By Jim Schutze
By Rachel Watts
By Lauren Drewes Daniels
By Anna Merlan
By Lee Escobedo
By Eric Nicholson
Dear Mexican: I was born in beautiful El Paso, and my parents are from Juaritos. I always wondered why Mexican restaurants en los Estados Unidos use queso amarillo—which I associate with los Estados Unidos—on their food instead of queso asadero or queso Oaxaca, which taste so much better. And who came up with Tex-Mex or New Mexican food names?
Dear Albuquerque Miner: Silly chuco! You and your ilk are so advanced in the Reconquista que se le olvidan that most non-Latinos still don't know Spanglish! So, before I answer tu pregunta, a translation note for non-wabs: "Juaritos" is a nickname for Ciudad Juarez, Mexico, "queso amarillo" is "yellow cheese," a "chuco" is someone from El Paso and "los Estados Unidos" means "E.E.U.U."
On to the question—although the Mexican is all-knowing, he also knows when others know more, you know? And so I forwarded your query to Robb Walsh, food editor for the Houston Press, author of The Tex-Mex Cookbook and one of the most Mexican gabachos since Charles Bronson. Walsh traces the yellow-cheese phenomenon to America's eternal headache: Texas. "The Texas exhibit at the Chicago World's Fair of 1893 was a re-creation of [a] San Antonio chili stand," he tells the Mexican. "It served chili con carne and other Mexican-style foods to Midwesterners for the first time. The food caused a sensation—the buzz at the fair created a rush to market 'Mexican food' products" across the country that were really Tex-Mex grub. Thus, most of what passed as Mexican food in the United States until recently is really Tex-Mex food, Walsh says, and "Tex-Mex is known for its gooey melted cheese."
But why the queso amarillo, gabacho? "Mexican white cheese doesn't melt very well," Walsh continues. For The Tex-Mex Cookbook, he interviewed older chefs who attested to his position and also explained that, "during World War II, the 'Wisconsin'—as cheddar was known in those days—wouldn't melt, either. That's when [Mexican cooks] started using American cheese." As for the language portion of your question, Minero, Walsh responds thusly: "The term 'Tex-Mex' was originally used to describe the half-English, half-Spanish patois spoken on the border—hence the bilingual food names. When you say cheese enchiladas, beef tacos, chips and salsa, guacamole salad, cold cerveza and 'Hey Baby, Que Paso?,' you are talking Tex-Mex."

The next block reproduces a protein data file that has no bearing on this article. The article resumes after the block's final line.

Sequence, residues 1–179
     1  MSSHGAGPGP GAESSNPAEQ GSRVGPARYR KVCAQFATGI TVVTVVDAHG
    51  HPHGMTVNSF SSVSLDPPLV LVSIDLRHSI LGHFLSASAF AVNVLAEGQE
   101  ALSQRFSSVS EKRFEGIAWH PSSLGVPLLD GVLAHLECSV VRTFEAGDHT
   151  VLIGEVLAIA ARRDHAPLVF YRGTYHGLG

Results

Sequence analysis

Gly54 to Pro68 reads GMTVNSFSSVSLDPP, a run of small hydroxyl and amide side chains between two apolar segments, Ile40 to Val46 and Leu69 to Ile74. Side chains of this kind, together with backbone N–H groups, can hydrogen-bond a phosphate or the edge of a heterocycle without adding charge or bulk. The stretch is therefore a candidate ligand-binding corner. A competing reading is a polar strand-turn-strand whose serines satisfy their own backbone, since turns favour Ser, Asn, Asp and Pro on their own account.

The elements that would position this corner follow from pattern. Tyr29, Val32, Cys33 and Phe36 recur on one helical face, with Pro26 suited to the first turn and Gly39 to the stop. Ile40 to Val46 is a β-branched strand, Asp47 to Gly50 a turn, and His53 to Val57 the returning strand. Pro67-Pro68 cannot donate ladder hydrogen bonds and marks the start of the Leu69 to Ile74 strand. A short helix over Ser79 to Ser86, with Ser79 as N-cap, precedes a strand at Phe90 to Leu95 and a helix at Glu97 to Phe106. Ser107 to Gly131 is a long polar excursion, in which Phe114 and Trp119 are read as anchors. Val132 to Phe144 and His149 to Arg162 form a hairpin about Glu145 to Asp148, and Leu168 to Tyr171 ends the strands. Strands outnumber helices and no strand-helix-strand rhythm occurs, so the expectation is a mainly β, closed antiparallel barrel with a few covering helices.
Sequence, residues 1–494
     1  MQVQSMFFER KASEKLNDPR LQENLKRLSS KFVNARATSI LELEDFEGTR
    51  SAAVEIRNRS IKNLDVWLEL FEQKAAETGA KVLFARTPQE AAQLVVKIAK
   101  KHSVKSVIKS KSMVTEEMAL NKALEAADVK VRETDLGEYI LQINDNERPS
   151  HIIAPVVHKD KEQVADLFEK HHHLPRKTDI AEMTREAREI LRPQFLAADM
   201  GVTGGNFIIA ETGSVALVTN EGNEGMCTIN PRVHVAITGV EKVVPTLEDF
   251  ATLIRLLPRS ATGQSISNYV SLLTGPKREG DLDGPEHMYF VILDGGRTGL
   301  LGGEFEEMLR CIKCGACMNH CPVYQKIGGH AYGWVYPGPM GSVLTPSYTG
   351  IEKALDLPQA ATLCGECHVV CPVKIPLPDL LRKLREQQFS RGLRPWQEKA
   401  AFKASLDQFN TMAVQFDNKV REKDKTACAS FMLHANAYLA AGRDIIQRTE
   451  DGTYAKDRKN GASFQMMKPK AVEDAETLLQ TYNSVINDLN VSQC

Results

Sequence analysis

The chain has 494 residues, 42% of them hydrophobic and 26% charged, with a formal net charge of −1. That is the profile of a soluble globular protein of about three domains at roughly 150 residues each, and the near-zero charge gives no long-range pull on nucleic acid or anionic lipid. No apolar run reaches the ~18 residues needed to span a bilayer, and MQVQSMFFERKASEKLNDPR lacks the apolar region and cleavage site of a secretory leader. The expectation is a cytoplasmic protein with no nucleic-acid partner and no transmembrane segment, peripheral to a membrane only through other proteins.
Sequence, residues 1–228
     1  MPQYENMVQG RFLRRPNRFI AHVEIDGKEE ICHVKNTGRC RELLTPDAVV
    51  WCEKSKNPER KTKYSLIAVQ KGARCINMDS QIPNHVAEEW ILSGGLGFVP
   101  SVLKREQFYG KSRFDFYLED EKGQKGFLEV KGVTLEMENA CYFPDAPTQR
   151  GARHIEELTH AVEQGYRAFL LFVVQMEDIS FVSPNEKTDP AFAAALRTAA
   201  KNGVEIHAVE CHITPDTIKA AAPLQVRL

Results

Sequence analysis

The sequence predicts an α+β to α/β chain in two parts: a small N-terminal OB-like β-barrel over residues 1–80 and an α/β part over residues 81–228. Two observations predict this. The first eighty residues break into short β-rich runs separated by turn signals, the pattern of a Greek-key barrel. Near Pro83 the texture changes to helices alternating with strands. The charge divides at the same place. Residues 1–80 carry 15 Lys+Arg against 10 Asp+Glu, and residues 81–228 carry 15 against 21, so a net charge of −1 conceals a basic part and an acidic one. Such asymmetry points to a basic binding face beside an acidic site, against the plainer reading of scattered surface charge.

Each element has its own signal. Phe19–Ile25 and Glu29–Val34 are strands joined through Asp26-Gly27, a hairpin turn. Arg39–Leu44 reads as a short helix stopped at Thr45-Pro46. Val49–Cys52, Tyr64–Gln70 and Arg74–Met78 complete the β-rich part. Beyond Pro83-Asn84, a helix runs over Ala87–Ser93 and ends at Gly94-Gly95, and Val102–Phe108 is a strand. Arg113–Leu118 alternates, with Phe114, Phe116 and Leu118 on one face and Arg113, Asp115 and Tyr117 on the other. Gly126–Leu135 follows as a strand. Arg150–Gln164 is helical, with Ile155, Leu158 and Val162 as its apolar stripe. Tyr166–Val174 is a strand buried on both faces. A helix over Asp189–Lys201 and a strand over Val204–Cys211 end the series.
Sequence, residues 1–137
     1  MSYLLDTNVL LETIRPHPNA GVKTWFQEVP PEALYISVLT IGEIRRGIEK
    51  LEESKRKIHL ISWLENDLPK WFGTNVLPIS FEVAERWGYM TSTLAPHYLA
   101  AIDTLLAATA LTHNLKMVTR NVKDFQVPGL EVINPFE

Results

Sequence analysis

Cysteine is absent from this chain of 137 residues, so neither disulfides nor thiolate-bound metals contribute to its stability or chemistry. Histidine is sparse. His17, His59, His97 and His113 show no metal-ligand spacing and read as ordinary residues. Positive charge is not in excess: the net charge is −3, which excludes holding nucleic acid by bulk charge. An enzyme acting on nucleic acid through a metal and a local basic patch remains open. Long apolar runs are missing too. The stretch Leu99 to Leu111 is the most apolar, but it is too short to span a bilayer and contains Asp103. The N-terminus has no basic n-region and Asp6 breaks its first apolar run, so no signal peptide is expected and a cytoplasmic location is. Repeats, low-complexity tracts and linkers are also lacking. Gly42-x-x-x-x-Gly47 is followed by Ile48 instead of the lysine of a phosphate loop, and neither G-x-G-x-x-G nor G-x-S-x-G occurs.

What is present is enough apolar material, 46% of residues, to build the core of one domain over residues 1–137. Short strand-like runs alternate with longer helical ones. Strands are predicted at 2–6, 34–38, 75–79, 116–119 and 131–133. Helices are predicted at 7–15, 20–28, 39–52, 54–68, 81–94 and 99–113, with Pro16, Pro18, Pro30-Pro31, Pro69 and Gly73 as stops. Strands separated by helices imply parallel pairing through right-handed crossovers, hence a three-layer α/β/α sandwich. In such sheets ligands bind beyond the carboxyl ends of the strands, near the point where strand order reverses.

Mexicans complain that corporate America places obstacles on the brown man's ability to succeed. However, when I speak with Mexican-American law students and inquire as to what type of law they want to practice, the vast majority express an interest in criminal, plaintiff, government or nonprofit type of law. It's rare that I speak with a Mexican that wants to tackle corporate law. I hear the same when I visit with college students. They seem to focus on entry-level jobs. The expectations seem very low. ¿Qué no tiene hambre la raza or what is the deal?
—Hot for Scalia
Dear Gabacho: Your assertions will come as a surprise to the chingo of Mexican students who graduate each year from American universities, to the members of the dozens of Hispanic/Latino/Chicano/Mexican-American/whatever-wabs-like-to-call-themselves-in-a-particular-region Bar Associations across America, and to the many vendidos who learned long ago that the quickest road to assimilation is a six-figure salary and a blonde from Wellesley. Not only that, but you fail to explain what's so wrong about trabajando for the public sector. It might not be the most glamorous career track, but working for nonprofits, the courts and other such small-fry plaintiffs truly is God's work, and you know how tight Mexicans are with Diosito—indeed, recently translated sections of the Nag Hammadi library have revealed the previously unknown Gospel of Jesús. Besides, the way America's economy is tanking, concentrating on the wretched of the legal system seems like the best investment since Google in 1996.